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Landslides leave 160 dead in Philippines

Rescuers in the Philippines struggled through pounding rain and mud on Friday to clear mountain roads and retrieve the bodies of more than 160 people left dead after dozens of landslides struck late Thursday.

Rescuers in the Philippines struggled through pounding rain and mud on Friday to clear mountain roads and retrieve the bodies of more than 160 people left dead after dozens of landslides struck late Thursday.

The latest disaster brings the death toll in the Philippines to more than 450 after successive storms beginning on Sept. 26 hit cities and villages alike, causing the country's worst flooding in 40 years.

Landslides have killed more than 160 people in Benguet and Mountain province along the Cordillera mountain range, about 200 kilometres north of Manila, officials said Friday.

Flooding also hit about 30 towns in Pangasinan province, sending residents fleeing to rooftops and scrambling for safety, after dams released excess water from recent heavy rains, officials said.

The landslides also blocked the roads into the mountain city of Baguio in the Cordillera region, leaving rescuers to travel by foot through the mountain region because helicopters could not fly because of the storms.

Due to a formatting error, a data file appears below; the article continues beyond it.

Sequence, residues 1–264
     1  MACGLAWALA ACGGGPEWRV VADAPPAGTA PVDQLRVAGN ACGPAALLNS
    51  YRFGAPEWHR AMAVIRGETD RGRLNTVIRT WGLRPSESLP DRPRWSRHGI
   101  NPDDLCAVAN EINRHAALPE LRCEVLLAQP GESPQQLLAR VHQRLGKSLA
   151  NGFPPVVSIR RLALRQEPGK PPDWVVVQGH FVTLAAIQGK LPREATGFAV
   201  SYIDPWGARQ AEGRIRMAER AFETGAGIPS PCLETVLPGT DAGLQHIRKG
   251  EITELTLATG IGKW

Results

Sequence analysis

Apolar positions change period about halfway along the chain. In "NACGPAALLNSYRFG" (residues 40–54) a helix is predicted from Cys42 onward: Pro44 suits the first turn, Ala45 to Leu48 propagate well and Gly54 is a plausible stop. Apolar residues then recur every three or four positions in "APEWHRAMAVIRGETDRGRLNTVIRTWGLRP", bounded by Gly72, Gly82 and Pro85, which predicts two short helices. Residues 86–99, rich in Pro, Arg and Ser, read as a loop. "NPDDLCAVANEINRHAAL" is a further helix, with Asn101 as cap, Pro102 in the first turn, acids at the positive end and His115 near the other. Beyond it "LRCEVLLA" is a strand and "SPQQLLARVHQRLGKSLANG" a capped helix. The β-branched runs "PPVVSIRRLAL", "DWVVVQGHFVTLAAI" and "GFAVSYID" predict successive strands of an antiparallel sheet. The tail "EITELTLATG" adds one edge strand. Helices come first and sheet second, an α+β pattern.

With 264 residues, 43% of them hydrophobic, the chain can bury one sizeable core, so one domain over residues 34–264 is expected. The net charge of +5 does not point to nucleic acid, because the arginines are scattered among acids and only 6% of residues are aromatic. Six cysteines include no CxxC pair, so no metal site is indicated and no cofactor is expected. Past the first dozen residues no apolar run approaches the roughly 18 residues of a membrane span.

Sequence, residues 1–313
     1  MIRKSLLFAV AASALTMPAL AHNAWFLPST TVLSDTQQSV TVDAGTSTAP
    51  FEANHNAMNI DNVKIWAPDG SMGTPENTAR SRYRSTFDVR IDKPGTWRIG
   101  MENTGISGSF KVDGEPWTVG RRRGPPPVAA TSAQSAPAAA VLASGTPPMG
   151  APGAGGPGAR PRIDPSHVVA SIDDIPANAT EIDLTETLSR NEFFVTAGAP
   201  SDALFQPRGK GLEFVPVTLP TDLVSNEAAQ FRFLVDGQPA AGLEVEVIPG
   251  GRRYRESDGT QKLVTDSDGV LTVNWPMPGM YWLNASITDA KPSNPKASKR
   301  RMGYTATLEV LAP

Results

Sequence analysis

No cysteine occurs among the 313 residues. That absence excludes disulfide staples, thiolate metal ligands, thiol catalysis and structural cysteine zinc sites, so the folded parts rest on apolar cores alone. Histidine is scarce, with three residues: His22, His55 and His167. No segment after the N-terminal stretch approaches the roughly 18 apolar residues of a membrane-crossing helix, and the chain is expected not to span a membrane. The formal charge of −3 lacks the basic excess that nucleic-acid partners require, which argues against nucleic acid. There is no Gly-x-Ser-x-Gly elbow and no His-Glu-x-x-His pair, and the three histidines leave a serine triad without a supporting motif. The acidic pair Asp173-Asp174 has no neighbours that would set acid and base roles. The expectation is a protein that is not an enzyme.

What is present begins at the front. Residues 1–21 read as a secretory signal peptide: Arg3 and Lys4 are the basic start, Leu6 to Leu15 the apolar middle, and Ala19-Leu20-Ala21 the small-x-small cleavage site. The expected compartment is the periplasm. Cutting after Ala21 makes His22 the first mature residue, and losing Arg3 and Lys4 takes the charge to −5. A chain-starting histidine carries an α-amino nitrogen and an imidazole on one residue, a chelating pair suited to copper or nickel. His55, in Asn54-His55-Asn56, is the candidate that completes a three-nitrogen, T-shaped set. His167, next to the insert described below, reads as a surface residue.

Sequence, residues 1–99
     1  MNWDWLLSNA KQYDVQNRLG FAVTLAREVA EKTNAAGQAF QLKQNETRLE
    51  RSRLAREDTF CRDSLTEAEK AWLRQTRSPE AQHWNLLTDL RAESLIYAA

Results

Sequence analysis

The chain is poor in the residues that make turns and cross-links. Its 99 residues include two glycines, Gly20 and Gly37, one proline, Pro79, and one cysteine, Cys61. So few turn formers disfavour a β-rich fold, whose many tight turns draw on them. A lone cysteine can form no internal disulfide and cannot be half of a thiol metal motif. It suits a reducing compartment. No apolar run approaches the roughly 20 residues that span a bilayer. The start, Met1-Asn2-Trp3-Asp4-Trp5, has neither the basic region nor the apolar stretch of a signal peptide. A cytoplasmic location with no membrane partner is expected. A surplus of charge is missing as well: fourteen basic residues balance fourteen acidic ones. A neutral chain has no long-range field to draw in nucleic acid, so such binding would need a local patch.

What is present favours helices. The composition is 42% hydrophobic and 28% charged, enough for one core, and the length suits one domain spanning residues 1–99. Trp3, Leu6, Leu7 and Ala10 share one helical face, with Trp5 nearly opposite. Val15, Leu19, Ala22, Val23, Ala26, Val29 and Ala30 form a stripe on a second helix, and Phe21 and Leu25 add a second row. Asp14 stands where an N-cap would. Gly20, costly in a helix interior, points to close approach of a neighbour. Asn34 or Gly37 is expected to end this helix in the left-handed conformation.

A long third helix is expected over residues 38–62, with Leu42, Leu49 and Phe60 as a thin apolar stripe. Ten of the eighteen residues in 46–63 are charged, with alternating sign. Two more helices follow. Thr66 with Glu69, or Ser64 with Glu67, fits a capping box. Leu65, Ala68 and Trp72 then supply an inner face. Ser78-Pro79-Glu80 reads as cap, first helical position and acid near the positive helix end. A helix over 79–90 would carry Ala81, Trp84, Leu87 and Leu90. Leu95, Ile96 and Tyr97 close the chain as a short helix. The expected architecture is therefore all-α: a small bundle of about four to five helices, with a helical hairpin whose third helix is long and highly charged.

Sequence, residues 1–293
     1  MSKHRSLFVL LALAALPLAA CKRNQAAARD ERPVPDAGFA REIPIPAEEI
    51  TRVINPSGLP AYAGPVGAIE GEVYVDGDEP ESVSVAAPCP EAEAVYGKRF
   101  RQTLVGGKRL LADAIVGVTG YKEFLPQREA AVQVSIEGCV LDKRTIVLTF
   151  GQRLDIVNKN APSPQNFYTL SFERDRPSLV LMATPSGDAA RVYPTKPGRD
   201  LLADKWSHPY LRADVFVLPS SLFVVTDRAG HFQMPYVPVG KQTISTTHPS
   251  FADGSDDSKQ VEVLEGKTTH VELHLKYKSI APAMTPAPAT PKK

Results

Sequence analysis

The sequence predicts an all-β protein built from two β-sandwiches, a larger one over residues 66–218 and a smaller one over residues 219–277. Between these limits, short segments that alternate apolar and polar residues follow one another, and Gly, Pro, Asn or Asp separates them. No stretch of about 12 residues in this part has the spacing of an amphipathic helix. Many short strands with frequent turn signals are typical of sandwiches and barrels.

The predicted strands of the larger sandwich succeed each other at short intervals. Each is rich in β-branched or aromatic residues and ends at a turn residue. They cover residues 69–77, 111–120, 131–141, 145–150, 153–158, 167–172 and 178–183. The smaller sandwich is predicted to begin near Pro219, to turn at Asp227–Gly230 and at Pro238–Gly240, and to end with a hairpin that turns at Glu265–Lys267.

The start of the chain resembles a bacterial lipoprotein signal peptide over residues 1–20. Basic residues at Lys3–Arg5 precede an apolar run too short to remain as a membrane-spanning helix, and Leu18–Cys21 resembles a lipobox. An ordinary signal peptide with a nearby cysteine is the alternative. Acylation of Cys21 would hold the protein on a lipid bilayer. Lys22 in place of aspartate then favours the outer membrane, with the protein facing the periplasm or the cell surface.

"We are focused on rescue at this time," said Lt.-Col. Ernesto Torres, spokesman for the government's disaster-relief agency. "It is raining nonstop in the Cordilleras."

Tropical depression Parma is still lingering off the northeastern coast and dumped rain overnight.

It hit land more than a week ago as a typhoon but has lingered off the coast in part because of the influence of another storm to the north, Typhoon Melor, which struck Japan on Wednesday.

Parma came eight days after Typhoon Ketsana first hit the island country, causing widespread flooding in the capital Manila and the surrounding region and killing 286.

With files from the Associated Press

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